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The hunt for a coronavirus vaccine begins

January 24, 2020, 11:52 PM UTC

This is the web version of Brainstorm Health Daily, Fortune’s daily newsletter on the top health care news. To get it delivered daily to your in-box, sign up here.

Happy Friday, readers.

The burgeoning Wuhan coronavirus outbreak has reached at least nine countries (including the U.S.), sickened hundreds of people, and killed at least 26 in Asia to date.

Transportation systems in the region have been shut down amidst Chinese New Year festivities; airports are on high alert. Just today, the second reported travel-related U.S. case (in Chicago) was confirmed. And a new hospital dedicated entirely to treating patients of this coronavirus strain seems to have propped up overnight in China.

Public health scares, understandably, have a way of inducing panic. (Sidenote: Panic is not a good way of dealing with outbreaks. Wash your hands, stay home if you’re sick, and don’t stress unless public health authorities escalate their warnings. The U.S., at this point, doesn’t seem to have any reason to freak out.)

But medical officials are on high alert—and that includes drug makers.

A coalition of vaccine experts met with the U.S. National Institutes of Health (NIH) this week, according to Reuters, with a pretty stunning goal: Try and get to initial human testing of this latest coronavirus strain, which causes flu- and pneumonia-like symptoms, in the next three months. Companies involved in the effort include Moderna, Novavax, and others.

The virus’ genome was deciphered by Chinese scientists and shared with other researchers in an effort to expedite vaccine development. With the genetic information in hand, scientists from around the world wouldn’t have to wait for samples to get going on their work.

Could this be an early sign that the global health community has learned some lessons from the SARS and Ebola outbreaks of the past ten years? We can only hope.

Read on for the day’s news, and have a wonderful weekend.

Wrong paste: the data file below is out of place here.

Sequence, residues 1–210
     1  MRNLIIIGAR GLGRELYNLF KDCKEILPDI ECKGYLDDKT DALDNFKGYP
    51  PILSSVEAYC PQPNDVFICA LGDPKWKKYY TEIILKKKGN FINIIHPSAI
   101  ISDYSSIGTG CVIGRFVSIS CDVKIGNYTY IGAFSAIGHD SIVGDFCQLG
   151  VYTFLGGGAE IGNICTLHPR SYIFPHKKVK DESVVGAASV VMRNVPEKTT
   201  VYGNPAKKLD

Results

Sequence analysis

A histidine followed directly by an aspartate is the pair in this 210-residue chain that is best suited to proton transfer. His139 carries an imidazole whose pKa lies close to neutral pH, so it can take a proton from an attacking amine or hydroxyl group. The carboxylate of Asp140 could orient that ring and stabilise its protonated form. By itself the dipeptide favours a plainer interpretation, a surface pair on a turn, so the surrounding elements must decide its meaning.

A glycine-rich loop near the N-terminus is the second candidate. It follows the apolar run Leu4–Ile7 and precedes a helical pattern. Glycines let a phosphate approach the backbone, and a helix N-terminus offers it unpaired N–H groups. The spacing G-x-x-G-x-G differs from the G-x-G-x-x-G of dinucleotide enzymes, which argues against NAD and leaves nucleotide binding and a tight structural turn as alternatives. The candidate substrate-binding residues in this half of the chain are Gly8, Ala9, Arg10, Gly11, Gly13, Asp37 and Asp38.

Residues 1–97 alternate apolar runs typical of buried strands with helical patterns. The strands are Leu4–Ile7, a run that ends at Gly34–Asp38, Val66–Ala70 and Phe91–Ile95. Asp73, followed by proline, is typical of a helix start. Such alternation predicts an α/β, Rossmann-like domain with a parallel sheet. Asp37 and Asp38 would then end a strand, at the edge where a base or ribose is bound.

Sy Mukherjee


Roman wants to set itself apart with a Pfizer partnership for generic Viagra. Telehealth firm Roman (an arm of Ro) has struck a deal with Pfizer subsidiary Greenstone for an exclusive license to an FDA-approved authorized generic for Viagra. Why is this important? "Normally, all drugs of the same active ingredients are perfectly interchangeable," Ro CEO Zachariah Reitano tells me. "I compare it to buying coffee. You can buy coffee at two different places. All the coffee contains caffeine. But so many things go into making that cup of coffee that go into the quality of that product and experience." Reitano believes the partnership will differentiate his company from competitors in the online men's wellness market. (Fortune)

Introducing Brainstorm A.I. Readers—I'd like to highlight Fortune’s Brainstorm A.I. conference in Boston, which takes place between April 27 and 28, 2020. The intersection of artificial intelligence and health care is pretty obvious (or, at least I hope we've made that clear). And this invite-only confab will feature some of the biggest names (corporate and otherwise) in A.I. Among them: United States Chief Technology Officer Michael Kratsios; Accenture CEO Julie Sweet; Land O’Lakes CEO Beth Ford; Siemens U.S. CEO Barbara Humpton; Royal Philips NV CEO Frans van Houten; Landing AI founder and CEO Andrew Ng; Robust.AI founder and CEO Gary Marcus; and top machine learning experts from Bank of America, Dow, Verizon, Slack, Zoom, Pinterest, Lyft, and MIT. You can request an invitation here.


Insurers team up with Civica Rx in attempt to cut generic drug prices. A coalition of Blue Cross Blue Shield insurers have teamed up with the upstart nonprofit Civica Rx in an effort to slash the cost of generic drugs—particularly in areas with drug shortages or particularly high costs. "Numerous studies confirm that medication costs can dictate whether individuals fill or ration their generic prescriptions," said Civica president and CEO Martin VanTrieste in a statement. (Fortune)


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